That’s enough about history. Now let’s focus on the book. Grace Revealed: a memoir is the extremely moving nonfiction in which the author tries to deal with the traumatic past of his family. Greg Archer’s grandparents – Jadwiga and Jacenty Migut – were in the first group of the Polish displaced people. Their family’s nightmare began on 10 February 1940. The Soviets gave them only thirty minutes to be able to pack the most necessary things, and then remained them just a dramatic journey into an unknown place marked by pain, suffering and above all unimaginable fear for themselves and their loved ones. They were crammed into the cattle boxcars where they had to lie down or sit on the bunks or suitcases without a change of their clothes for several days. On the other hand, the children who were deprived of fresh air, physical movement and proper diet began seriously ill. Stressed and tired people made an unbearable atmosphere there. The NKVD soldiers standing just next to them only were shaking their bayonets and vulgarly insulting the Polish people.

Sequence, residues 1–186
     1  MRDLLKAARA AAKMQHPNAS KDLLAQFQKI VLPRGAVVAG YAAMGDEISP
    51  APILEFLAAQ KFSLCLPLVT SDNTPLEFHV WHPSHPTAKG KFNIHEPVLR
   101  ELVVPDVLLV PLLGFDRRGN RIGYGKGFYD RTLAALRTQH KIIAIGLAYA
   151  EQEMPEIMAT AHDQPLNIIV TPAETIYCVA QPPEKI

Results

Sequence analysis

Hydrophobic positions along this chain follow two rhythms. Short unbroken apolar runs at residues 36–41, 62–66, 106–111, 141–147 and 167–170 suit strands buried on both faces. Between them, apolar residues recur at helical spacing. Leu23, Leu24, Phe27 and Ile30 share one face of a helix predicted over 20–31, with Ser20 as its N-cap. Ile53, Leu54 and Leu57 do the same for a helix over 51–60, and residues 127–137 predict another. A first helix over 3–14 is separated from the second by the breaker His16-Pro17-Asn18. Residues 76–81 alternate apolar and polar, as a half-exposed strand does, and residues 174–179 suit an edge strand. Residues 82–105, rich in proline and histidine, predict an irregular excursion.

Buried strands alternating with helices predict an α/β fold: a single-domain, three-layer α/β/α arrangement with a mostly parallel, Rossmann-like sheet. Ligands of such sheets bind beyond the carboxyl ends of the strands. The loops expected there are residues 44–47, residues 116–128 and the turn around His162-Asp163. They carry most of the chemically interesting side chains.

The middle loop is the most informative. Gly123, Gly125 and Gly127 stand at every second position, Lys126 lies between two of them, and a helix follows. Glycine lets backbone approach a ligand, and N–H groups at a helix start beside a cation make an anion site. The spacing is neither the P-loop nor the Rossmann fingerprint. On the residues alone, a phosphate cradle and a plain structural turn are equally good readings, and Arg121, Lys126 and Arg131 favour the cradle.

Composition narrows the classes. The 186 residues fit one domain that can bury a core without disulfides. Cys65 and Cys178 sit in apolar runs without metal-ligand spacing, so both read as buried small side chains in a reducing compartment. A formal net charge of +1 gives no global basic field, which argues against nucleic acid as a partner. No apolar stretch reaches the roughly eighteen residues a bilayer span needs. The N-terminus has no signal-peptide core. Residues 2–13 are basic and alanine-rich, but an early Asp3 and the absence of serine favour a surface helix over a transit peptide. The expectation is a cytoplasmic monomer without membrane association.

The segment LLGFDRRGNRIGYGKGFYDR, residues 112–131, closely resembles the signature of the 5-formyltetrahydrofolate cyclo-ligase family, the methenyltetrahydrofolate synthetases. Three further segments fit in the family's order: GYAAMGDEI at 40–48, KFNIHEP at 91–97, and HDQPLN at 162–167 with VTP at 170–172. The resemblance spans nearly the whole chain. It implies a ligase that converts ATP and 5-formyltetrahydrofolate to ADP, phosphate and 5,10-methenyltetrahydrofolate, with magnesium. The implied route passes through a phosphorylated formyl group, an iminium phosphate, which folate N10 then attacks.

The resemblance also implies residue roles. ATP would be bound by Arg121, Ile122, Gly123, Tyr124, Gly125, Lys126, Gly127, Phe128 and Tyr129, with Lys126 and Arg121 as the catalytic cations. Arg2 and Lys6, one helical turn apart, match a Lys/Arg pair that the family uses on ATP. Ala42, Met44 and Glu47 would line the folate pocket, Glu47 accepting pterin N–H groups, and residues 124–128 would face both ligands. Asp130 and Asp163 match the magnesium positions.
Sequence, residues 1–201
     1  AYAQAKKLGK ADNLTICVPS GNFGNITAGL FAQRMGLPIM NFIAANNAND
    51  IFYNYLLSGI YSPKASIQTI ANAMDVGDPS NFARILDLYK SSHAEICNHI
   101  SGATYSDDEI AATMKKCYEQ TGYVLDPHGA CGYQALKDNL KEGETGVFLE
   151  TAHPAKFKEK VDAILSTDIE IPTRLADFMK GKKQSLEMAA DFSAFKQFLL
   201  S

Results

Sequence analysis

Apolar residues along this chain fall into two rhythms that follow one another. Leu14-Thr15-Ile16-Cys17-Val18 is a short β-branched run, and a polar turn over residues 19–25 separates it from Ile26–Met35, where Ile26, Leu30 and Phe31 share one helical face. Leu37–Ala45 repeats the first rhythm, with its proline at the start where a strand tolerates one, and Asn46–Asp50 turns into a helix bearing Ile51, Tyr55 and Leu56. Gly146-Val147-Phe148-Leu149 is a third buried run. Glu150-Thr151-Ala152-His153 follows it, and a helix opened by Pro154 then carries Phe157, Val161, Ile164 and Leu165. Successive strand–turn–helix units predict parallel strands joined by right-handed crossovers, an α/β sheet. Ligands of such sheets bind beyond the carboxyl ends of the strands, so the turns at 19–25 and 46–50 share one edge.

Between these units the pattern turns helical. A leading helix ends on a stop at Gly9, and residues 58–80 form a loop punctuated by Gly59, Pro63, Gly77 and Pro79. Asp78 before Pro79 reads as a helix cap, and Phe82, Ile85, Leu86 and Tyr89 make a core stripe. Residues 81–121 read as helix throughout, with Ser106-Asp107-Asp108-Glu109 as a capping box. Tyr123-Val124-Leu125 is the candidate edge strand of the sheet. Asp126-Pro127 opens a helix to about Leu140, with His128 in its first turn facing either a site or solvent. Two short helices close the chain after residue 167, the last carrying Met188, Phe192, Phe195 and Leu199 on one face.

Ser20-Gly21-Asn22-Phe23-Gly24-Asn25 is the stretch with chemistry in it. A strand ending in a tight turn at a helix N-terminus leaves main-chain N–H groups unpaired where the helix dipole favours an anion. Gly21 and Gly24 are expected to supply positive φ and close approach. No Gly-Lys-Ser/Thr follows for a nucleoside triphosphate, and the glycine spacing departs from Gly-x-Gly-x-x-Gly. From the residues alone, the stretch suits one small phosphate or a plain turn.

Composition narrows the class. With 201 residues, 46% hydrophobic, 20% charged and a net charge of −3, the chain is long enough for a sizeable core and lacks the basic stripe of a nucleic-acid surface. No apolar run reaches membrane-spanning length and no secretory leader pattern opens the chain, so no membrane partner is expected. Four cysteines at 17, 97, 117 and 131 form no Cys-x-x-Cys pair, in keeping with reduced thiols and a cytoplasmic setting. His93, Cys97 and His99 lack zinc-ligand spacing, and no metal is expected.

This drawing presents the conditions inside the barracks of a northern Soviet  labor camp.
Source: The Sikorski Polish Club, Glasgow, Scotland